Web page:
The only person’s behavior you can control is your own. Pretty much everyone knows this. It’s not a new concept. However, what do you spend the majority of your time and energy doing every day? That’s right! Trying to change everyone else! Why do we do that? Because if other people change and do the work, then we don’t have to.
Q: From a school principal using the principles of InsideOut Empowerment:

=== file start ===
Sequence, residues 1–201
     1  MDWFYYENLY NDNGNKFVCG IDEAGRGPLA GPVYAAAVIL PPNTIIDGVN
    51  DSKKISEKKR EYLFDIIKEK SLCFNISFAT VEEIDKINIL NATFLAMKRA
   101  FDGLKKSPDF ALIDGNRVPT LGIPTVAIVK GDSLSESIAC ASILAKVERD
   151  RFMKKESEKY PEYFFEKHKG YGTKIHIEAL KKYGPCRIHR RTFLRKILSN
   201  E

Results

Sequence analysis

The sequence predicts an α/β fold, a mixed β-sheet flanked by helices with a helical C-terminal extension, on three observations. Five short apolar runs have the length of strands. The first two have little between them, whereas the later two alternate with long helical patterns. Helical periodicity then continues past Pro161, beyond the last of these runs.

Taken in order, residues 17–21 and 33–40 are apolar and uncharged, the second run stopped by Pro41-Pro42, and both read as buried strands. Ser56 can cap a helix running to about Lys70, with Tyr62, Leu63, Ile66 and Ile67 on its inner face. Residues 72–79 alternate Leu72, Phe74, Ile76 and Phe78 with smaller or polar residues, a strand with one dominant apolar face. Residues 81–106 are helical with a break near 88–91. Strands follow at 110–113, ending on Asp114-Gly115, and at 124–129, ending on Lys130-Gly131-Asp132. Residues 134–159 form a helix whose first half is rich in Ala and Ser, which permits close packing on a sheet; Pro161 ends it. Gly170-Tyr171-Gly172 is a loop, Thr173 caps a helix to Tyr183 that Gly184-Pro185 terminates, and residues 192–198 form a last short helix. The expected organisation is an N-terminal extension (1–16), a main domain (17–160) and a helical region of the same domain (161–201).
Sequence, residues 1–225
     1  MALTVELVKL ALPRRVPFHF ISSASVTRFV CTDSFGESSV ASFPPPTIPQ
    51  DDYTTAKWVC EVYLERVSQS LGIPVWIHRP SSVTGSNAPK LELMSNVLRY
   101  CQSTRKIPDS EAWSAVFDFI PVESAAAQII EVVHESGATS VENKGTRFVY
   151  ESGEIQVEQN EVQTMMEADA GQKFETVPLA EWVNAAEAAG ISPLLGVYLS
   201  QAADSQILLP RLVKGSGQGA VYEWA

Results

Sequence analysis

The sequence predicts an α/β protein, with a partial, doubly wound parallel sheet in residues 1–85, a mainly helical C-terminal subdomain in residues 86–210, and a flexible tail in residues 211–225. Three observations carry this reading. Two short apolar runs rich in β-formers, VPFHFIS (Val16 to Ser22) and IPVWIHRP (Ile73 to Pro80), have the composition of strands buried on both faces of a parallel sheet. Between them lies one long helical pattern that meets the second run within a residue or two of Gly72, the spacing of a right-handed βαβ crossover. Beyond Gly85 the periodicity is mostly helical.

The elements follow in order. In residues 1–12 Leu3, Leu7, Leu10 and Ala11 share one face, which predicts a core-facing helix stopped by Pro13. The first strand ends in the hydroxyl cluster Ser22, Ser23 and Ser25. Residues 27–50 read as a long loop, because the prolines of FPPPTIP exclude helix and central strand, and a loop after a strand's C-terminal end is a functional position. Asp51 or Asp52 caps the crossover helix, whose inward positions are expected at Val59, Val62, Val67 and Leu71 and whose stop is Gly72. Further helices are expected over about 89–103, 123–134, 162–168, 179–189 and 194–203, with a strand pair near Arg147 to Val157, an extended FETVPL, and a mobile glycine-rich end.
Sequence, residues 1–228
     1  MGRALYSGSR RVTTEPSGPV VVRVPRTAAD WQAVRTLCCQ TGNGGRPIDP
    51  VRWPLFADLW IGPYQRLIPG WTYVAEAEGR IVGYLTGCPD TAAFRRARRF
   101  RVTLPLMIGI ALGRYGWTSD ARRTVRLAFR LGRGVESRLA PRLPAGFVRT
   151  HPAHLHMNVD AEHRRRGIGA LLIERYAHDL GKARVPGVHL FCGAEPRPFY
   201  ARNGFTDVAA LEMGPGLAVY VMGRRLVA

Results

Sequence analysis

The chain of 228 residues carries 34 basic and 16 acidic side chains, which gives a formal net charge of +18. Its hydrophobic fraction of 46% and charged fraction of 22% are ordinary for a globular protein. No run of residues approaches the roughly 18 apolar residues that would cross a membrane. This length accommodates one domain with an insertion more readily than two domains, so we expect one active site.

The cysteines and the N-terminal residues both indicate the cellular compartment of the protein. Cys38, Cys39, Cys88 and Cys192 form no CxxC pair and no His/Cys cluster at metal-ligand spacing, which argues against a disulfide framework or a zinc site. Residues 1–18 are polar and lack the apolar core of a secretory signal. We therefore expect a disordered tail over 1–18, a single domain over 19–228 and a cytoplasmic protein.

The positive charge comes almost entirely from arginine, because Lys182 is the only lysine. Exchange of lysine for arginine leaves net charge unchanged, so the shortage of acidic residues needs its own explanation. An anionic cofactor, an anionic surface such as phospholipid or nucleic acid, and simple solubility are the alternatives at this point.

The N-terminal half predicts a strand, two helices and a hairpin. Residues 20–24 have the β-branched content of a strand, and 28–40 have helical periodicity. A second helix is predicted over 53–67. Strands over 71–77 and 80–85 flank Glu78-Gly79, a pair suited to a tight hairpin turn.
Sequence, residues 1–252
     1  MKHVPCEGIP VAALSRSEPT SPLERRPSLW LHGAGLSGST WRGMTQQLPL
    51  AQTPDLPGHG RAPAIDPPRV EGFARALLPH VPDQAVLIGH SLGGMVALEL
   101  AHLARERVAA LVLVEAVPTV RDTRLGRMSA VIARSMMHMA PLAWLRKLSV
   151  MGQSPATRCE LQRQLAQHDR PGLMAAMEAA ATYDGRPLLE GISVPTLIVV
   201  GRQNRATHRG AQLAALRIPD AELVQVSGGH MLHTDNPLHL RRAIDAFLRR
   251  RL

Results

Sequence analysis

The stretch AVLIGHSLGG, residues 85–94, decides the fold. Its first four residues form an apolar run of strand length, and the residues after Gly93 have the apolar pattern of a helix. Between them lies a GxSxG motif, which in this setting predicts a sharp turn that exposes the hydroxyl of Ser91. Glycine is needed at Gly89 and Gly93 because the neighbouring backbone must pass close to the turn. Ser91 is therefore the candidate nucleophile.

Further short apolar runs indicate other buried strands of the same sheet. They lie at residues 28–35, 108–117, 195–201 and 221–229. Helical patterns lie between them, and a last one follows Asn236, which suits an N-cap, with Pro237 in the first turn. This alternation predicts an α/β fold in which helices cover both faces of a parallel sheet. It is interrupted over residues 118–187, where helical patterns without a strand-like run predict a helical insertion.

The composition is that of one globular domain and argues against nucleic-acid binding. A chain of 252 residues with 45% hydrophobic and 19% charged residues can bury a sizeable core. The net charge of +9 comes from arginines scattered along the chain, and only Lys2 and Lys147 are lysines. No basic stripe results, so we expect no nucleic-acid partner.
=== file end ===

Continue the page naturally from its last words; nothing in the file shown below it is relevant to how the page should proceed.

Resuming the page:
Here is the dilemma: A second-grade teacher and I have been attempting to help a second grader improve his behavior in school. He does fairly well in the classroom with the teacher nearby, but when he’s in more unstructured situations (cafeteria, bus, playground, etc.) he makes terrible choices over and over. (He is always watching to see if he can “get away with something.”)